Unfortunately, official statistics are not available. The most reliable data has been provided
by independent field research by Venezuelan social scientists.19 A significant number of the
emigrants reside in the United States, Spain, Italy, Portugal, Colombia, France and Germany.
Other frequent destinations include oil producing countries, especially in the case of a
significant number of the former 20,000 employees of PDVSA (the government-owned oil
company) fired by President Hugo Chavez after the 2003 strike. 45 per cent of the
Venezuelan migrants have dual nationality. An important group of Venezuelans abroad are
descendants of European immigrants. Many of them have benefited from dual nationality
policies of the countries in which their parents or grandparents were born. Another significant
group of Venezuelan emigrants is naturalised abroad. Consequently, they hold dual
nationality. The vast majority of Venezuelan emigrants are legal foreign nationals in the
countries where they reside.
Decreto Nº 3.084, Gaceta Oficial No. 38.015, Caracas: 03 September 2004.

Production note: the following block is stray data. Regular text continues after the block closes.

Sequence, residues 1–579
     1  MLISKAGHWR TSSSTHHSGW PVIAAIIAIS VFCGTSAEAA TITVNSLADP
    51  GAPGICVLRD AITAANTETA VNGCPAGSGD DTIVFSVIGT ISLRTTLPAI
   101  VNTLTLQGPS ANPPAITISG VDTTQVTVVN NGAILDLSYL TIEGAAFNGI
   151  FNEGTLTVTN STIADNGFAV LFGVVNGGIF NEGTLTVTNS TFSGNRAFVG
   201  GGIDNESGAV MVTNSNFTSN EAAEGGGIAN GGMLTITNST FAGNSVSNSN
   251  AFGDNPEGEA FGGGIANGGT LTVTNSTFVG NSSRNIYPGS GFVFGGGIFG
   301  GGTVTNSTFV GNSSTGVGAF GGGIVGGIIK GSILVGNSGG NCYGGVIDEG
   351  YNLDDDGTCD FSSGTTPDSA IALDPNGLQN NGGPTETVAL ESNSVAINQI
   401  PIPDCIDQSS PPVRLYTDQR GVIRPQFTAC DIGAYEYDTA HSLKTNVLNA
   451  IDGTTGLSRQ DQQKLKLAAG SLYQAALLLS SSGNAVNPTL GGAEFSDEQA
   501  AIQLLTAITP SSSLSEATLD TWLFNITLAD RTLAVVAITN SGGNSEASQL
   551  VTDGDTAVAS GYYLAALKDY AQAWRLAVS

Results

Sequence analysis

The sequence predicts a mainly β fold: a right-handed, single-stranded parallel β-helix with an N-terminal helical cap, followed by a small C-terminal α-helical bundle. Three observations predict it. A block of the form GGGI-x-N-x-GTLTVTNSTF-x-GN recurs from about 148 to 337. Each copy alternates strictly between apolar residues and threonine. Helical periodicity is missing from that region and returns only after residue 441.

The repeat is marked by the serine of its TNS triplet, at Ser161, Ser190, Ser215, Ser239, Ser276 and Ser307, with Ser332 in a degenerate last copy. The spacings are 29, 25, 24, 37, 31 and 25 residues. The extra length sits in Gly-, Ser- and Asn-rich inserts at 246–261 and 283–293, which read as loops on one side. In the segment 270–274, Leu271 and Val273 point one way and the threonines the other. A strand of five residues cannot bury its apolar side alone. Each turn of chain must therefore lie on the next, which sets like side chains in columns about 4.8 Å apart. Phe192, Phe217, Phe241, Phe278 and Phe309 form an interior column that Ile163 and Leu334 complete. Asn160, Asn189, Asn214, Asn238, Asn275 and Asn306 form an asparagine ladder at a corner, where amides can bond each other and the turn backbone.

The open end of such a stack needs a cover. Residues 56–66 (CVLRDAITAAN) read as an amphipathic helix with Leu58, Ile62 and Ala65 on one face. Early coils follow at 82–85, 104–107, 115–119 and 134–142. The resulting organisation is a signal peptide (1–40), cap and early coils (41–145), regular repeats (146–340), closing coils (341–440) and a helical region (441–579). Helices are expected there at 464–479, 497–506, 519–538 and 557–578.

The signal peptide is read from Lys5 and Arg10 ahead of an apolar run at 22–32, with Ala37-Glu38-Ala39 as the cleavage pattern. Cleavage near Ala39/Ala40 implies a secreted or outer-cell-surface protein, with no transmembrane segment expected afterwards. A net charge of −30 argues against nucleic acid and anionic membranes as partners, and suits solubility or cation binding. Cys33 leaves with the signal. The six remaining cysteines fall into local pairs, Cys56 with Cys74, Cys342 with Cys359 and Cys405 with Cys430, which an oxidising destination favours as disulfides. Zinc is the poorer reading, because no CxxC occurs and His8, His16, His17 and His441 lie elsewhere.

Resolución 268, Gaceta Oficial No. 5.711, Caracas: 22 June 2004
Aggregate data available from on the basis of official information from
the Gaceta Oficial de la Republica de Venezuela.
Páez 2015
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Angel E. Alvarez
3.3. Gender equality in naturalisation rights
The 1999 Constitution abolished gender discrimination in naturalisation rights. Previous
regulations had provisions for the naturalisation of women married to Venezuelan men. Since
1999, for the first time in Venezuelan history, the Constitution granted naturalisation rights to
foreign nationals, both male and female, who marry a Venezuelan citizen after at least five
years from the date of marriage, and from the moment of declaring their intention to become
Venezuelan citizens.
Similarly, in previous citizenship regimes, if a foreign female married a male
Venezuelan by birthright, she would lose her original nationality at the very moment she
agreed to become a Venezuelan citizen by naturalisation. Since 1999, if a foreign person
married to a Venezuelan citizen by birth exercises the right to become a naturalised
Venezuelan, said person will retain his or her original nationality depending on the regime of
citizenship of the nation of which he or she is a citizen. This is a consequence of the
innovative provisions on dual nationality and the abolition of gender-biased rules on
3.4. Court power to revoke naturalisation
Venezuelans by birth lose their nationality only if they expressly renounce it before the
competent authority of the Venezuelan state. Thus, authorities can neither deprive a birthright
citizen of his or her nationality, nor force them to renounce it. By contrast, Venezuelan
nationality by naturalisation can not only be voluntary renounced, but also revoked by court